Support is building around San Diego for an ordinance that would require banks to take better care of foreclosed homes.
Seventy percent of participants surveyed in a Center on Policy Initiatives poll said they support the proposed Property Value Protection Ordinance, the center announced Wednesday.
The ordinance has been floating through City Hall for several months now and would fine banks $1,000 per day if they fail to follow city property codes.
“This is a way we can hold banks responsible to their obligations just like we would any other homeowner when there is a violation of code,” said Councilman David Alvarez at a press conference Wednesday announcing poll results. “We ask them to maintain their property for the good of our community.”
San Diego State Real Estate Professor Mark Goldman said the ordinance would keep the property value of foreclosed homes stable. He said these foreclosed homes are typically worth about half as much when the bank takes over.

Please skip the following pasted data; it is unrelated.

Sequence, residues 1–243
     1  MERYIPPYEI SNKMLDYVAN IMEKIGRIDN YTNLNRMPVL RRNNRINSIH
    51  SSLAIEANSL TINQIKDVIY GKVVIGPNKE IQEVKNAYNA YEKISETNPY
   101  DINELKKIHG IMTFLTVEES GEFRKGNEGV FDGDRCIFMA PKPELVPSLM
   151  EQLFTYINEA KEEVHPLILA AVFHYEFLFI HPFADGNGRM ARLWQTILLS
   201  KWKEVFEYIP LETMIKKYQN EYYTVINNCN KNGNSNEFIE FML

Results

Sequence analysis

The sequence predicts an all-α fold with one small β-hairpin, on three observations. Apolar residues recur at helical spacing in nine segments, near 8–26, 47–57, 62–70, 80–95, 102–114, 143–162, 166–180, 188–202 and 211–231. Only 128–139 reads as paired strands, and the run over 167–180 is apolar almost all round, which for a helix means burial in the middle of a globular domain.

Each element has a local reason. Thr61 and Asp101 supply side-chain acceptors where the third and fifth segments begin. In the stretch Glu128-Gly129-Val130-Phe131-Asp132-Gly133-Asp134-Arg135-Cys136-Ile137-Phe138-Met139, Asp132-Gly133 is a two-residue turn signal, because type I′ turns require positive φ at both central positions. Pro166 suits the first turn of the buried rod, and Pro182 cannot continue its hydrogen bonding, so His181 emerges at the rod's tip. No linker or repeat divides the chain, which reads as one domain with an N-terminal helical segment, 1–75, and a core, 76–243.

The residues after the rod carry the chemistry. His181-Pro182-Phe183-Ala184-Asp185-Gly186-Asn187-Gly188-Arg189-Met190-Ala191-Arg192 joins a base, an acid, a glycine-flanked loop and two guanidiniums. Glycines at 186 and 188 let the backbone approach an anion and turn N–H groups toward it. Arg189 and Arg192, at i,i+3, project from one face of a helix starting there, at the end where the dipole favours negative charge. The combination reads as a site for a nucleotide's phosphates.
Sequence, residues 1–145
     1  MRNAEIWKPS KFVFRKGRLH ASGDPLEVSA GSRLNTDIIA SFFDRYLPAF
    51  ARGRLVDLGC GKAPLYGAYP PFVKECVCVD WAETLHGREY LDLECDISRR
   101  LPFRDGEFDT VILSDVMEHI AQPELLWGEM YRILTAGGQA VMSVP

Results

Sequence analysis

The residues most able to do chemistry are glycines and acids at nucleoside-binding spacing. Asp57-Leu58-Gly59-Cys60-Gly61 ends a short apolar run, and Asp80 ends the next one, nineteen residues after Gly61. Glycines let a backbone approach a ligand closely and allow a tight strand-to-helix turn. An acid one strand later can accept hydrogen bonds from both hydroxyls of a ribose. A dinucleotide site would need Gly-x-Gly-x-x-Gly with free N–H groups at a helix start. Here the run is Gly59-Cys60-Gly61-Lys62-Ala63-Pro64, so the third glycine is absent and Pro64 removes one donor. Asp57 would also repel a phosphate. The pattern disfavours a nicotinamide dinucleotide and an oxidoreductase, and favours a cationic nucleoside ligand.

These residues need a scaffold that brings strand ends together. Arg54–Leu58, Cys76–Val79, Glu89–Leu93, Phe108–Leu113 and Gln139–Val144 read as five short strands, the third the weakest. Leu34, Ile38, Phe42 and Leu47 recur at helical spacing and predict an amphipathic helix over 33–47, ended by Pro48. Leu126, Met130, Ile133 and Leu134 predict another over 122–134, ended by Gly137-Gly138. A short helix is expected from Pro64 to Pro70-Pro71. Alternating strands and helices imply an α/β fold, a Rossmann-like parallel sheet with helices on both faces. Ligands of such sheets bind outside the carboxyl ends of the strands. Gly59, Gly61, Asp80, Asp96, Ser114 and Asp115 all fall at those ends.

Chipping in for yard and pool maintenance would benefit banks too, he added. Often foreclosed homes attract graffiti and vandalism, let alone the effects of neglect.
“Not paying for upkeep is bad for the banks too,” Goldman said. “The value of their property is declining as well.”
Requests for comment from a Bank of America spoksperson on their response to the proposed ordinance were not returned.
Goldman said although such an ordinance would help keep property values up, it may be difficult to enforce, and would require some defining of standards for homes.
The city’s Independent Budget Analyst and Neighborhood Code Compliance Department have both reviewed and provided reports on the ordinance.
The ordinance’s supporters urged City Council approval on Wednesday.
The Land Use and Housing Committee will vote on the ordinance in July. If it is approved, it will go to the San Diego City Council for another vote.